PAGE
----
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The first ever national guide for meaningful engagement with First Nations people on renewable energy projects has been released by the Clean Energy Council (CEC) and is set to help future projects with consent, participation and benefit-sharing. 

This new guide sets out expectations for industry and details key considerations for engagement at each stage of a project’s life cycle.

Co-authored by the CEC and KPMG, Leading Principles: First Nations and Renewable Energy Projects puts into operation all ten of the First Nations Clean Energy Network’s Aboriginal and Torres Strait Islander Best Practice Principles for Clean Energy Projects.

Clean Energy Council CEO, Kane Thornton, said the intention of the guide is to ensure respect for the rights of First Nations peoples and improved outcomes for communities.

“Australia’s clean energy sector has identified the need for stronger engagement and relationships with First Nations peoples,” Mr Thornton said.

“We are proud to partner with the First Nations Clean Energy Network and KPMG to forge a path ahead for Australia’s clean energy industry to work hand in hand with First Nations communities.

“With proper practices in place, the essential work of the energy transition will not only accelerate Australia towards achieving its targets but provide First Nations Australians with an opportunity to be heard and play a crucial role in a defining economic shift for the country.”

KPMG Indigenous Services Lead, Glen Brennan, said that the launch of the guide marks a significant milestone in unifying industry and First Nations peoples.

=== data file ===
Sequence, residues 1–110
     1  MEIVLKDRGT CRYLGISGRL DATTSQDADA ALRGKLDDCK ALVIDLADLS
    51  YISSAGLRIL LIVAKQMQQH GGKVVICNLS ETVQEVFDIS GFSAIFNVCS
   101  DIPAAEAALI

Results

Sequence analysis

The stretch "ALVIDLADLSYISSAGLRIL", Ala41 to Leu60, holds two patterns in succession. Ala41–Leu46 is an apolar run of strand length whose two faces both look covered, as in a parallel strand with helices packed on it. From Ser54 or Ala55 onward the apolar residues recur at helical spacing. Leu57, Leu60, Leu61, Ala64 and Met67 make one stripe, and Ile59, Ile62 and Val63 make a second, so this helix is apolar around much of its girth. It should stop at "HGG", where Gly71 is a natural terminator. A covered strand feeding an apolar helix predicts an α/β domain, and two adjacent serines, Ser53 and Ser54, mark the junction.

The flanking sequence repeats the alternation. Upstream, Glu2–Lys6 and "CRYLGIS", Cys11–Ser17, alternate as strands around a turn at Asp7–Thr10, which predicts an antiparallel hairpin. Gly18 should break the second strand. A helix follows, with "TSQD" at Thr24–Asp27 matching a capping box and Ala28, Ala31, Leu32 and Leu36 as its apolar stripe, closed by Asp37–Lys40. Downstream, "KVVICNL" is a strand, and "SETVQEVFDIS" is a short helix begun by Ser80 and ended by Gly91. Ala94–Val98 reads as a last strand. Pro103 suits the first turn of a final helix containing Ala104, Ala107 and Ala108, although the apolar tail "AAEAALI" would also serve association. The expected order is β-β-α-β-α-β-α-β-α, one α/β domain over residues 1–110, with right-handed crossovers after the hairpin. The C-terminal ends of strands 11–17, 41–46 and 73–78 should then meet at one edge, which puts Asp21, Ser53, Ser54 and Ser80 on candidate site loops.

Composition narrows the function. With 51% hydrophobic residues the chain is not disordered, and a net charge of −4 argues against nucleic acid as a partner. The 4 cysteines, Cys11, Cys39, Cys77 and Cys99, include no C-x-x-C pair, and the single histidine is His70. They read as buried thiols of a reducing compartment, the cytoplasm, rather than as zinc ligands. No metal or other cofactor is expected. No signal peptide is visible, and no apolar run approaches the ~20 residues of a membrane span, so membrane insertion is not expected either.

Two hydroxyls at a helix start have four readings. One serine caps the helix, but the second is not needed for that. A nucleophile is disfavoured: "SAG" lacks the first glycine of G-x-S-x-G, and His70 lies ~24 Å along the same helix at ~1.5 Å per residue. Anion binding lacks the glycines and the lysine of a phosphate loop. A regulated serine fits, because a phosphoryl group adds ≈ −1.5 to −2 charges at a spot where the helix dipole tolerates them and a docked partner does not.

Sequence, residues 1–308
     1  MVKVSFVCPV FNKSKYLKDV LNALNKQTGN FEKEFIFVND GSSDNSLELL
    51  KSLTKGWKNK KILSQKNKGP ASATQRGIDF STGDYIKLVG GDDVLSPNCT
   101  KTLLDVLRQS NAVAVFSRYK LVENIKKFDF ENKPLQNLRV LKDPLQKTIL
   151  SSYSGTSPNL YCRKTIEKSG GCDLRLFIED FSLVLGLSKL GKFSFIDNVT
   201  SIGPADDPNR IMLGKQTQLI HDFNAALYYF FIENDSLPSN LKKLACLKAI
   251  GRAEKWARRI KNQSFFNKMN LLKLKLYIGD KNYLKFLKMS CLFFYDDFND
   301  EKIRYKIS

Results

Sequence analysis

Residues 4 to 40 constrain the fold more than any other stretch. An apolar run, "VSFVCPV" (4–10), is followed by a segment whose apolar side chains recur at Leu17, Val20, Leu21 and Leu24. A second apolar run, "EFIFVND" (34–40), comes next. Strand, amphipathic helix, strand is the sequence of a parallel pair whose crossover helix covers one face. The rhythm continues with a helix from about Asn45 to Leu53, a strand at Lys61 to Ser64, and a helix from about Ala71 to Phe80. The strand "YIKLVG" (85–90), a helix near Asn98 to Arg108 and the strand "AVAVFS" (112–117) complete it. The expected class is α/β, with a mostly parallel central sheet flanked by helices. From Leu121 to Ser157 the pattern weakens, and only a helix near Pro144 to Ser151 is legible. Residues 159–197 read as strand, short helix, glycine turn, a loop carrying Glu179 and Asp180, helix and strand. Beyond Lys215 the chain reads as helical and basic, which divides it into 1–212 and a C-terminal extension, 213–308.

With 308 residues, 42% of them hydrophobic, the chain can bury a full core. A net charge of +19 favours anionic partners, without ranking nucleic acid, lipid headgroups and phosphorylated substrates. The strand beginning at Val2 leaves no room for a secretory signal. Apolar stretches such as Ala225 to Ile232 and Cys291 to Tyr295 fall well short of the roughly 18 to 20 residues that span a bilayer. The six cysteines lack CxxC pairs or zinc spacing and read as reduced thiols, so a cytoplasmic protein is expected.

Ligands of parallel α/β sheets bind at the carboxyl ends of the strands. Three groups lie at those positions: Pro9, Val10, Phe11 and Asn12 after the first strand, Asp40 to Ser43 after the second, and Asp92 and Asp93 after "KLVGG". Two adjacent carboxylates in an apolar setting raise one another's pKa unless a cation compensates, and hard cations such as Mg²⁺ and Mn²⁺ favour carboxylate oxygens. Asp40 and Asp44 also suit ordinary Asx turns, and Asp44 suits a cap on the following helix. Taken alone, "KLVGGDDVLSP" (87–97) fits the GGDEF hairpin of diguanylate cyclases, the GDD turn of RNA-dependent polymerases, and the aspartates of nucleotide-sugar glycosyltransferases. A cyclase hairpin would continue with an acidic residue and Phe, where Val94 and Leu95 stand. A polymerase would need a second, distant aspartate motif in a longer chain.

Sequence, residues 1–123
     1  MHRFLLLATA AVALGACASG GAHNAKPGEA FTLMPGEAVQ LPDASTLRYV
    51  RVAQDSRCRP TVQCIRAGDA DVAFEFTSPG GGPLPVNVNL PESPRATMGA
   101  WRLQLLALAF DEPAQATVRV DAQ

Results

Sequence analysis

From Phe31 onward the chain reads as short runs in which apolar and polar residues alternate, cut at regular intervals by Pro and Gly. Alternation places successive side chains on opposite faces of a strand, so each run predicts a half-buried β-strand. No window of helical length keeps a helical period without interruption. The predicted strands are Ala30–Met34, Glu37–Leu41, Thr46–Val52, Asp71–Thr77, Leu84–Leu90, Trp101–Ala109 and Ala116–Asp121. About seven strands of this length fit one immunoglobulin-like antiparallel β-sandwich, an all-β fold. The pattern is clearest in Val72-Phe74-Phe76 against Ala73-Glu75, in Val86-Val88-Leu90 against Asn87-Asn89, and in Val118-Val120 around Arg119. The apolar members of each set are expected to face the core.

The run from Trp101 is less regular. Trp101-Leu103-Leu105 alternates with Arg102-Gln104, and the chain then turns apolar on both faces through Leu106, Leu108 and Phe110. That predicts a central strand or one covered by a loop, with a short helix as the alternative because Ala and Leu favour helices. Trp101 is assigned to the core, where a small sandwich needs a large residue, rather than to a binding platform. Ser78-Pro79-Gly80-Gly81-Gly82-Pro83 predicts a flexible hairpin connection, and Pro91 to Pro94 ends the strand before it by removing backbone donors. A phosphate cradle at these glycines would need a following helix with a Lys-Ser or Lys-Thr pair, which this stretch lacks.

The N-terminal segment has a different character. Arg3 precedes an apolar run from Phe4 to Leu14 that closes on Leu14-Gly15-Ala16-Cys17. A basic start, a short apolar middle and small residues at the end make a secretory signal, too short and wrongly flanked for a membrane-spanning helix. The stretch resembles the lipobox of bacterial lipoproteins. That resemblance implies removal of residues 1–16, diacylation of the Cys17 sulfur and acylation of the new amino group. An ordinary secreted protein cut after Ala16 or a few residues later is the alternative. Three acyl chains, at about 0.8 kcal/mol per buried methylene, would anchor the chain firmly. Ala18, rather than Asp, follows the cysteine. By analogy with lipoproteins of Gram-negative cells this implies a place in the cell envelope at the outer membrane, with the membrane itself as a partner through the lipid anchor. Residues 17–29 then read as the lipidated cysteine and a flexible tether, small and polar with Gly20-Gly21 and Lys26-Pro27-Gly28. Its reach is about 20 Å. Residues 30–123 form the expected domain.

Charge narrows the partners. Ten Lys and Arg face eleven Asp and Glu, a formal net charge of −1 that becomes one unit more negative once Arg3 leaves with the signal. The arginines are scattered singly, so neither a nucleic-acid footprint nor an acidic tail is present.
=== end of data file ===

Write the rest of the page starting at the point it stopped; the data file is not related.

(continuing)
“First Nations communities have an intrinsic relationship with the natural environment and understanding of sustainable land cultivation and management through traditional knowledge and practices,” Mr Brennan said.

“As Australia moves forward with meeting its environmental, energy and emissions reduction commitments, it will be critical that the renewable energy sector includes and acknowledges the perspectives of First Nations peoples through meaningful engagement, obtaining consent, partnerships, equity and ownership opportunities.”

First Nations Clean Energy Network co-chair, Karrina Nolan, said that First Nations people are central to the Federal Government’s plan for the renewables roll out.

“The guide provides a new template for governments, industry and First Nations communities to work together towards the shared goal of more affordable, reliable and sustainable energy for all,” Ms Nolan said.

“Meaningful engagement with First Nations communities leading to energy partnerships, equity and ownership opportunities stands to maximise community support for projects, increase opportunities for local employment and businesses, and deliver stronger outcomes for sustainability and energy security.

“The rights, interests and aspirations of First Nations peoples must be front and centre to achieve a just clean energy transformation, minimising risks, costs and delays for renewable energy projects being planned, developed and operated on country.

“And it’s something which must be done in partnership with industry. This guide can help with that.“

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